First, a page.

[discuss] What kind of "governance" do you want? (was Re: What is MSism?)
jefsey at jefsey.com
Mon Mar 31 11:15:14 UTC 2014
At 10:53 31/03/2014, S Moonesamy wrote:
>At 22:33 30-03-2014, Andrea Glorioso wrote:
>>How is this *not* "taking public policy into account when
>>developing technical standards":
>>(The fact that the document goes to great lengths to not take a
>>position on the merits of what it defines "pervasive monitoring"
>>does not, in my view, change the fact that such "pervasive
>>monitoring" is, obviously, an issue of public policy of great
>>importance, whatever opinion one might have about it).
>I read that draft. I also read
>https://twitter.com/mattblaze/status/438842253751365633 What is
>obvious is that there are organizations which have been spying on
>internet traffic. The draft states a policy about considering that
>fact when developing technical standards.
>It is a matter of what kind of security do you want.
This is an architectonic choice by the internet architecture that has
to be corrected (BGP review was a WhiteHouse priority for US national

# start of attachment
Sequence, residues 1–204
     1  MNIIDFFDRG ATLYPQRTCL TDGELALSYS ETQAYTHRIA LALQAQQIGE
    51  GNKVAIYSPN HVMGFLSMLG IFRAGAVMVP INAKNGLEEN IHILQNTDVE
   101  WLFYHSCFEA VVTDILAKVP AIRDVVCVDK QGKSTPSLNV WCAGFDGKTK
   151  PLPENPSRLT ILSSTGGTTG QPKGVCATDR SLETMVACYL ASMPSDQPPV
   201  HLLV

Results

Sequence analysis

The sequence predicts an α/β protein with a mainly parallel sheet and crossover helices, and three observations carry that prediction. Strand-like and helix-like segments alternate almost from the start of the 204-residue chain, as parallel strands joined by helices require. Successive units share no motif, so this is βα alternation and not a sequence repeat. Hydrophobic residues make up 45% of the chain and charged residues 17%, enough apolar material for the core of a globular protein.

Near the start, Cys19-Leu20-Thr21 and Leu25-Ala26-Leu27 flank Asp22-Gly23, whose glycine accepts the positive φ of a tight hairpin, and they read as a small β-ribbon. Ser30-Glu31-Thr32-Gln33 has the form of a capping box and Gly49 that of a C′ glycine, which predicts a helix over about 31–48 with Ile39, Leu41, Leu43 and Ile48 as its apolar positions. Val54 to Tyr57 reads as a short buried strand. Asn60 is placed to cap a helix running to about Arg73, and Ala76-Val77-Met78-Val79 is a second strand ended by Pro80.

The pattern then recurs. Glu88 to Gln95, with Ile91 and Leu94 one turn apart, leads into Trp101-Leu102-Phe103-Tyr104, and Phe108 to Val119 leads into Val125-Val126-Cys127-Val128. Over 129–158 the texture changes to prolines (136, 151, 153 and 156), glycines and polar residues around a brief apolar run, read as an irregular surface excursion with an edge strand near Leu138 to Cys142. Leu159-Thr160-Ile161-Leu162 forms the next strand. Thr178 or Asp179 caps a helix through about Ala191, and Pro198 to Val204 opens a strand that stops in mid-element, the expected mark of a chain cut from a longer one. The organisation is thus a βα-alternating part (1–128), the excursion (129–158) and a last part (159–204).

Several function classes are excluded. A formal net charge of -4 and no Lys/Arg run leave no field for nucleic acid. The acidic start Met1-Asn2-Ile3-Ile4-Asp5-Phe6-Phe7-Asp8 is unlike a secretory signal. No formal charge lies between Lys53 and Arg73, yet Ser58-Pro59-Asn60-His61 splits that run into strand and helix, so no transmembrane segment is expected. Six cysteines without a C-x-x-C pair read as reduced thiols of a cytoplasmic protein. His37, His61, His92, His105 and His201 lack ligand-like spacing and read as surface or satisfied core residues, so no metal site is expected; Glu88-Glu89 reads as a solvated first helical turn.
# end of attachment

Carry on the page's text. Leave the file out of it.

security, in ... 2002).
A network is edges+nodes+gateways+interfaces. The internet has no
interface so far: one has to decide if the end is an edge or a node
and where is/how is designed the RFC 1958 fringe. The clear internet
choice is to be a subnet (IEN 48) of an users' hosts network
identified by their edge address: the fringe is therefore on the user
side. This introduced the issues created by edge providers and
surveillance, and as a consequence legal net-neutrality, security,
and privacy issues. And incidently, spam.
The correction comes through: (1) Location/Identification
differenciation, (2) presentation layer six at the fringe in an
Intelligent Use Interface the network users can locate and indentify
as such. This permits users to obtain a fully consistent (virtual)
network, what the (physical) internet is not at this time.
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